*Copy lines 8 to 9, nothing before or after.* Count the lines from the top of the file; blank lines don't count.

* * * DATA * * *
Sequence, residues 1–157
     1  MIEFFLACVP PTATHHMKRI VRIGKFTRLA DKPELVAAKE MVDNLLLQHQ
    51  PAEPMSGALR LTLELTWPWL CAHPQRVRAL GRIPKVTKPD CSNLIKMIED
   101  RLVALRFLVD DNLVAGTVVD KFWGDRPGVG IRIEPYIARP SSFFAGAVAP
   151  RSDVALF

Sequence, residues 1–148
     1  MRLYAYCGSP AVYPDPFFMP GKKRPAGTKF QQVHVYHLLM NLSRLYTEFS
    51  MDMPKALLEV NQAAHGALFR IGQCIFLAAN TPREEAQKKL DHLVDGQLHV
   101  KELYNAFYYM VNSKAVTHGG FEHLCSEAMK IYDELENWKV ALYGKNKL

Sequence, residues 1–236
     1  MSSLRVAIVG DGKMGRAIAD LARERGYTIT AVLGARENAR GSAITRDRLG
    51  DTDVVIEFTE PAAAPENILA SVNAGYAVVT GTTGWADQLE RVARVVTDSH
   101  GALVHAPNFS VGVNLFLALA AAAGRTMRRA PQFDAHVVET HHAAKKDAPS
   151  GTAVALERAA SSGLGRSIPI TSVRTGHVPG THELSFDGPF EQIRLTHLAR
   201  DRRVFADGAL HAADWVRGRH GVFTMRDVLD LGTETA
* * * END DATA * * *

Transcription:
    51  MDMPKALLEV NQAAHGALFR IGQCIFLAAN TPREEAQKKL DHLVDGQLHV
   101  KELYNAFYYM VNSKAVTHGG FEHLCSEAMK IYDELENWKV ALYGKNKL